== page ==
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Beijing least affordable city in the world to rent: Report

Updated: 2016-04-26 15:00
By Dai Tian (chinadaily.com.cn)

Beijing least affordable city in the world to rent: Report

Photo taken on Mar 29, 2016 shows residential building in Beijing. [Photo/VCG]

Beijing has the world's least affordable rental housing market, according to a survey of 15 global cities, with costs soaring to more than 1.2 times average wages.

In part due to high rents, the city also has the second-longest commute, an average of 104 minutes per round trip, ranking only after Mexico City, according to the report by UK-based not-for-profit organization Global Cities Business Alliance.

Shanghai takes a third place among the world's 15 major cities, with daily commute of 101 minutes on average, according to the study.

The rent spikes come as China's property sector has staged a revival over the last couple of months. Beijing saw home price rise 18 percent in the year to March, and restrictions on non-residents buying housing until they have paid tax in the city for five years makes renting the only option for many.

Out of the 15 cities in the study, San Francisco has the most expensive monthly rent of $2,824, while Beijing, $789 per month, is the least affordable given local salary level, according to the report.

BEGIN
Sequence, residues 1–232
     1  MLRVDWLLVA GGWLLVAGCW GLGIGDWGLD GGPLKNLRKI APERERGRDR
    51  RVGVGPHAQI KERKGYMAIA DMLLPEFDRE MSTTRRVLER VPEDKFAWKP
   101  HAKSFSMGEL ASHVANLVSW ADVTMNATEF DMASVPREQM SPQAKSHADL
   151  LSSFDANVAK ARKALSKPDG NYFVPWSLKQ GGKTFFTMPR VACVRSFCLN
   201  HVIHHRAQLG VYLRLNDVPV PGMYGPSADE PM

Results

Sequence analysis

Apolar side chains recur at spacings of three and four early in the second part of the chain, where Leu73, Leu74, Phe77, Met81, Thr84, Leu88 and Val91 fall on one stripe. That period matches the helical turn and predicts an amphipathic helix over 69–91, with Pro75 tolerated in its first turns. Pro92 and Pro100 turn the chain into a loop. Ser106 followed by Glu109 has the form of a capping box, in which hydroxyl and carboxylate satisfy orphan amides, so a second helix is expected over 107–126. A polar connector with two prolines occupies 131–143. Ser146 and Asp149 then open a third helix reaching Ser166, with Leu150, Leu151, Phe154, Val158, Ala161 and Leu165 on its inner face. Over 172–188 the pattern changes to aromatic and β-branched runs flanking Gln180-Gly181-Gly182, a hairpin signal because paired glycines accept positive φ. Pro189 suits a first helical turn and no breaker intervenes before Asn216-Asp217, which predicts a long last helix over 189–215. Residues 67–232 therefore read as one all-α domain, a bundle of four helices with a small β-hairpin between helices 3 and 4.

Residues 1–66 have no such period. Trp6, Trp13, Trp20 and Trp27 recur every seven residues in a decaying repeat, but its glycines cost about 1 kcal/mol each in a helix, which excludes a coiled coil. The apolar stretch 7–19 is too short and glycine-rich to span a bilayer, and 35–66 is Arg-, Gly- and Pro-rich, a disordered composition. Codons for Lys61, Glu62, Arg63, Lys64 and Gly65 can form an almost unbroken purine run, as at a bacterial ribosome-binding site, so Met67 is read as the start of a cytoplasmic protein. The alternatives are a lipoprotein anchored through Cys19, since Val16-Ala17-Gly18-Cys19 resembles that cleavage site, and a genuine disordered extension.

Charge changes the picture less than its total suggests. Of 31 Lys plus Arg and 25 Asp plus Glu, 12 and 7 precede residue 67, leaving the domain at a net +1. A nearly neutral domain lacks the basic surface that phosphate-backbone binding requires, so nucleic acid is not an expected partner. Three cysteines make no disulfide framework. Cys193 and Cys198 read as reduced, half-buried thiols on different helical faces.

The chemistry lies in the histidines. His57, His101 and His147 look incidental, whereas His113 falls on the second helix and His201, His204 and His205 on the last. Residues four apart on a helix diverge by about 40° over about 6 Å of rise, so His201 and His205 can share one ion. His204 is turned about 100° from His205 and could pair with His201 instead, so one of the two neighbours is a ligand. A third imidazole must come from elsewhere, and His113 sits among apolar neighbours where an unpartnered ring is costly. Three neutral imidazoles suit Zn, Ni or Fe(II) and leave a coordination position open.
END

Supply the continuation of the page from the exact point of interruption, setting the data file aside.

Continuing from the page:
"Beijing's average housing cost accounts for more than 100 percent of net earnings, suggesting that a worker on an average salary cannot live alone in typical city accommodation," said the report.

For bus drivers, nurses and primary school teachers in the city, the average cost of housing exceeded their annual disposable income level in 2015, the findings showed.

Abu Dhabi only comes as a distant second in terms of affordability, with rental costs equal to 69.5 percent of local net earnings, followed by Hong Kong as a third.

Beijing could have seen spending boosted by $3.4 billion and have added some 422,000 new jobs if housing only rose 10 percent over the past five years, according to the report.

"Rising housing costs place upward pressures on wages as businesses attempt to retain top talent in expensive cities," said the report.


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